As Japan continues to grapple with the worst nuclear disaster since Chernobyl, governments around the world are reviewing industry safety standards and
Although vanadium redox flow batteries (VRFBs) have the potential to be “the next big thing” that would enable economical storage of wind and solar energy, there are no existing or planned utility-scale installations after more than 25 years of development. One small venture capital-funded private company, Prudent Energy Corporation, is leading development.
Following a devastating earthquake and tsunami in Japan, one of its nuclear power plants is on the verge of multiple meltdowns. Now, many in this country are asking whether U.S. plants can withstand such a disaster. In “Nuclear Nation,” energyNOW chief correspondent Tyler Suiters looks at how American nuclear plants could be vulnerable.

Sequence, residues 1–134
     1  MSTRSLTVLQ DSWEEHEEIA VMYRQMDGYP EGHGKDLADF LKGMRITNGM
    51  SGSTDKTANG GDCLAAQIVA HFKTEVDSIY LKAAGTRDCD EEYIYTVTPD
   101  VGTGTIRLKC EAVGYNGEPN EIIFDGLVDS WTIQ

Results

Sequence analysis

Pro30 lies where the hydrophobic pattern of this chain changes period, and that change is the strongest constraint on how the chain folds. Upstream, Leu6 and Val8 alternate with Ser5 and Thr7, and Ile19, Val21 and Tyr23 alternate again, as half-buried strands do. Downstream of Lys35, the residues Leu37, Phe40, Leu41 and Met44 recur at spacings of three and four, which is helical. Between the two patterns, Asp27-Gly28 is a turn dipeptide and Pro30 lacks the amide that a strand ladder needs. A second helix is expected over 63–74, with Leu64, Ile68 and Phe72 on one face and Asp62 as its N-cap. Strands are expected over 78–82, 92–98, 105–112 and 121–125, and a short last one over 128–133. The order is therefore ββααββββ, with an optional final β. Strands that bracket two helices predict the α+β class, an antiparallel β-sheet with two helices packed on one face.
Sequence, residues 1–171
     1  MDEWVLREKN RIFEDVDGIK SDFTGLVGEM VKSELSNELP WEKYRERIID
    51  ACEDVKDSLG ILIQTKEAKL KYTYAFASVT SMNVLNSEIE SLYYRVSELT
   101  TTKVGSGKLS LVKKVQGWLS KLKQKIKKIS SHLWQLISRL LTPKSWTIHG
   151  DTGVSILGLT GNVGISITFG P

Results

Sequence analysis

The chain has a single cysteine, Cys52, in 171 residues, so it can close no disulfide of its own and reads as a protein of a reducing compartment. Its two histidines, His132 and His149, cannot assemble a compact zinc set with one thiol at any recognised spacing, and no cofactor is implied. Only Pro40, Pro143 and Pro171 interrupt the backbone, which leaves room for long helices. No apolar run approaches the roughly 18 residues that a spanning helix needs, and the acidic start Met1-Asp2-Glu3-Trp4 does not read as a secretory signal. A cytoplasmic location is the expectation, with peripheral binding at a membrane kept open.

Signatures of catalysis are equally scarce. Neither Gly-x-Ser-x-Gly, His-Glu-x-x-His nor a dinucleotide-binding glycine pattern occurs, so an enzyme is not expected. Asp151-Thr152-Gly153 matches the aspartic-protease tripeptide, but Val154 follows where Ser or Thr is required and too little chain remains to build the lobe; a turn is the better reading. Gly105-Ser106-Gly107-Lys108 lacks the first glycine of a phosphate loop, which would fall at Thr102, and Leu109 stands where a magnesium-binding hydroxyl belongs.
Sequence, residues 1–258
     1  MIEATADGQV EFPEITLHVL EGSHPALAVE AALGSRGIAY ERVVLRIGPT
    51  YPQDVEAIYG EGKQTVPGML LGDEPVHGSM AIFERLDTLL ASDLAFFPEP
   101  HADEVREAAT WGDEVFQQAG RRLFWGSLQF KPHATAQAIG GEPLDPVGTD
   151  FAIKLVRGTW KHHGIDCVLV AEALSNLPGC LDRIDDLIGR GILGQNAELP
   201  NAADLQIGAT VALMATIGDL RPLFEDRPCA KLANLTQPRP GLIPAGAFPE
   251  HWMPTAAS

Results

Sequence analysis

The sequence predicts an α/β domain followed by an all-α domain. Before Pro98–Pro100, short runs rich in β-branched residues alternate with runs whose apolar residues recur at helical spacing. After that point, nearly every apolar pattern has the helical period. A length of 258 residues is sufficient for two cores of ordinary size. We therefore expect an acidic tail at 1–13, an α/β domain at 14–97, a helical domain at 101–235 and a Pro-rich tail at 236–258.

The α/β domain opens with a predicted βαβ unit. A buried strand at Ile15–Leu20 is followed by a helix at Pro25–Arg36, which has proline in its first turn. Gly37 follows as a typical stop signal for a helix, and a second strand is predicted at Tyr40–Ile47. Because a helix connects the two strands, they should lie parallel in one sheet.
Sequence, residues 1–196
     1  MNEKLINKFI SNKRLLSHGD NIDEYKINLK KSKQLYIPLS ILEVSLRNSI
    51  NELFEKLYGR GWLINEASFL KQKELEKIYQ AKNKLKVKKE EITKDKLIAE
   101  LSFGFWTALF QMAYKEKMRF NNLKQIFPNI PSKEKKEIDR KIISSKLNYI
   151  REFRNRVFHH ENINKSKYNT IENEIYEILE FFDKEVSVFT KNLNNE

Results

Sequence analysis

In its recently released Marketbuzz® 2011, Solarbuzz, an energy consulting firm, reports the global solar photovoltaic (PV) industry had a record year in 2010.
Australia has the fastest growing liquified natural gas (LNG) industry in the world and is on track to eclipse Qatar as the world’s largest producer by the end of the decade. It is, therefore, ideally positioned to fill much of the energy void in Japan if that country reduces its use of nuclear energy in the aftermath of the crisis at the Fukushima Daiichi nuclear plant.
Japanese firefighters, police and soldiers continue to put themselves at serious risk of radiation poisoning as they spray nuclear reactors with with water from firetrucks. Officials from the country's Nuclear and Industrial Safety Agency raised the situation's "events scale" from 4 to 5. Chernobyl was rated a 7, the highest level in the international scaling system.
In his first public address regarding the ongoing nuclear crisis in Japan, President Obama made it abundantly clear that U.S. authorities do not expect radiation to make it to the western United States, Hawaii, or any American territories in the Pacific.